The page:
There is no way countries like Canada can meet commitments to net-zero emissions by 2050 without the whole suite of available low-emission technologies, including nuclear power.
That was the consensus of a number of expert panelists from various sectors – including the renewable energy sector – at panel discussions on energy transformations at last week’s Globe 2020 conference.
“If we want to achieve our net-zero target for 2050, it’s impossible to achieve it without nuclear,” Christyne Tremblay, deputy minister of Natural Resources Canada, said at a side panel discussion on the convergence of nuclear power and hydrogen.
Small modular nuclear reactors (SMRs) are on their way in Canada. Ontario, New Brunswick and Saskatchewan signed a co-operation agreement last year to develop SMRs, with the first ones expected to be online in 2028.
Not only would SMRs be able to backstop intermittent wind and solar power, they could also be used to produce green hydrogen through a thermochemical process being developed by Canadian Nuclear Laboratories.
Unfortunately for next-generation nuclear power advocates, this zero-emission energy source still suffers from bad press, concerns about costs and misperceptions that are largely based on the hazards that afflict first-generation nuclear power.
Nuclear power also faces a strong public preference for wind and solar power as a decarbonization panacea. This was illustrated at a Globe panel discussion last week involving representatives of the nuclear power, renewable energy and oil industries and environmental groups.
At the start of the discussion, the audience was asked to vote, via a Slido poll, on the proposition: “An accelerated deployment of renewable energy (wind, solar and hydro) is the only way to keep global warming to 1.5 degrees Celsius.”
At the beginning, 73% agreed with the proposition. By the end of the discussion, it had barely budged down to 70%, despite all members of the panel agreeing that the full array of low-carbon options is needed, including nuclear power.
“There is no one way to hold average global warming to 1.5 degrees Celsius,” said Catherine Abreu, executive director of Climate Action Network Canada. “Really, at this point, it’s an all-hands-on deck approach. Climate action requires us doing everything we can, all at once, everywhere, now.”
(Abreu later clarified that she wasn't necessarily including nuclear power in that "all-hands-on-deck" approach. She said her position on nuclear power is "more nuanced than a yes/no response.")
Asked if Evolugen, a renewable energy company, would consider investing in nuclear power, Evolugen CEO Josée Guibord said it would. In fact, Evolugen’s parent, Brookfield Asset Management (TSX:BAM), invested $4.6 billion in nuclear in 2018, when it acquired Toshiba’s nuclear power company, Westinghouse Electric Co.
“We are looking at different technologies, and we would look at nuclear,” Guibord said.
The concern with a renewables-only approach to decarbonizing the grid is its intermittency and low power densities.
Wind and solar alone simply haven’t proven to be up to the task at hand. They need a steady power backup supply, and in places like Germany and California, that has come from coal and natural gas.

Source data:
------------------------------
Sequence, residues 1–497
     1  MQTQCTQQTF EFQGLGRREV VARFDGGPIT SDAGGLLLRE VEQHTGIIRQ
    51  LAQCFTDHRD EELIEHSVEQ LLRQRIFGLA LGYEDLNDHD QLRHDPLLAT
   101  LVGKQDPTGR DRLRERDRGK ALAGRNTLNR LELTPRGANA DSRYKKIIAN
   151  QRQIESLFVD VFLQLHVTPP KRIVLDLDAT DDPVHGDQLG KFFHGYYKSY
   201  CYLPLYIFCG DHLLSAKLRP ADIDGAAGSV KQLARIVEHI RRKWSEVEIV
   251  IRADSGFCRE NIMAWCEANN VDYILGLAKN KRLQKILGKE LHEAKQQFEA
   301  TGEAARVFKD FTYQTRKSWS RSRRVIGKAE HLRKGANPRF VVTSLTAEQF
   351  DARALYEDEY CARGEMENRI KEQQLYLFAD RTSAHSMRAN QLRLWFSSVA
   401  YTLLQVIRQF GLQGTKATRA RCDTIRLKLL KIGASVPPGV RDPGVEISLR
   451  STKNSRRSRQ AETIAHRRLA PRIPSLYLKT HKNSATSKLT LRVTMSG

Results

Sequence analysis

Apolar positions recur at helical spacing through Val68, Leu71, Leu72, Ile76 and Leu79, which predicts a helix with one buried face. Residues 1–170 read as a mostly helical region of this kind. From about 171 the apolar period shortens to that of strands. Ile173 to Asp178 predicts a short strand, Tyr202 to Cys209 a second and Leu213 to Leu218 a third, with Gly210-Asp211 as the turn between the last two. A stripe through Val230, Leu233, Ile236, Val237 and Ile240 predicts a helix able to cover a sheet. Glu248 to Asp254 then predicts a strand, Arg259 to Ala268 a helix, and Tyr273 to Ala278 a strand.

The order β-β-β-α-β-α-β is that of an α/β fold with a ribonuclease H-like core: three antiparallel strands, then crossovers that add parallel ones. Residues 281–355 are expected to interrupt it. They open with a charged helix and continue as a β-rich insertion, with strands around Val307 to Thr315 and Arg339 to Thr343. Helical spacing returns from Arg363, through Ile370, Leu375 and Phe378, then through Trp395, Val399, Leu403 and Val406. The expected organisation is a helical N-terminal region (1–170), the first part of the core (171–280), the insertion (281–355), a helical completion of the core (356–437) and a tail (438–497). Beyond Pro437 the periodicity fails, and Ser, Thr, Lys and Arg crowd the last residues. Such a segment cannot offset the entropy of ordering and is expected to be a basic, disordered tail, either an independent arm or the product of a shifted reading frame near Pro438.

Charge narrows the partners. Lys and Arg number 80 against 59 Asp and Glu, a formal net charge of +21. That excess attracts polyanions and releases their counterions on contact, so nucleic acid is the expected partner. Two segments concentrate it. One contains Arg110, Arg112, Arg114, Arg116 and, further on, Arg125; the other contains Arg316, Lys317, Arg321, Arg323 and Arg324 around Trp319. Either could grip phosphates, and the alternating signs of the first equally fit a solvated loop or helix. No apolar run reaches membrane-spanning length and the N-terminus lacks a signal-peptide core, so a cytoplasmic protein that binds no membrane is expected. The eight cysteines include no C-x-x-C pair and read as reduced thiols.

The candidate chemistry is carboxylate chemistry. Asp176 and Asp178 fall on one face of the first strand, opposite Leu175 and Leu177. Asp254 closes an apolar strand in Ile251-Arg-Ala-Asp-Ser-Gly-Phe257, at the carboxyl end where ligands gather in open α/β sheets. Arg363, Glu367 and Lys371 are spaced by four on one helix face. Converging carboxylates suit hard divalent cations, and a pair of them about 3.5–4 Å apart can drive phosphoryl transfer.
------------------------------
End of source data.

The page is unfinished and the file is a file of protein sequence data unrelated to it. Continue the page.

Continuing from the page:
Small nuclear reactors could provide that backup, with zero emissions, said John Gorman, formerly president of the Canadian Solar Industries Association and now president and CEO of the Canadian Nuclear Association.
While nuclear power can decarbonize the electricity grid, replacing coal and natural gas power doesn’t really address emissions from fossil fuels used in transportation, which is where hydrogen comes in.
Demand for hydrogen in fuel cells has been slow in coming. But the demand is now growing, especially in China, and is expected to rise in Europe, where new emission regulations for the trucking sector are expected to drive greater adoption of fuel cell trucks. And that will mean a demand for hydrogen.
Hydrogen can be produced from natural gas; the product is known as blue hydrogen. Green hydrogen can be made from water and renewable electricity through electrolysis.
In places like B.C., which has abundant hydroelectric power, there may be an economic case for green hydrogen production from wind and hydro power. But in provinces with nuclear power, there may be a better case for hydrogen from nuclear power.
Kathryn McCarthy, vice-president of research and development at the Canadian Nuclear Laboratories, said her lab is developing a process for making hydrogen from nuclear power using a thermochemical process that may make it more efficient and less costly than conventional electrolysis.
It uses the heat from a nuclear power plant and a copper-chlorine compound to “decompose” water molecules into hydrogen and oxygen. Higher temperatures make the hydrogen production from water more efficient.
“You can currently today do electrolysis at room temperature, but high-temperature electrolysis has the potential to produce hydrogen less expensively,” McCarthy said. “Similarly, with some of the thermochemical cycles, like the process we’re developing – copper-chorine – it has the potential to produce hydrogen at a lower cost.”
Tremblay said Canada’s clean-energy road map aims to make Canada a leading producer and exporter of both green hydrogen and fuel cell technology, as well as “a Tier 1 nuclear nation.”
(Editor's note: This story has been updated to add a clarification from Catherine Abreu on her position on nuclear power.)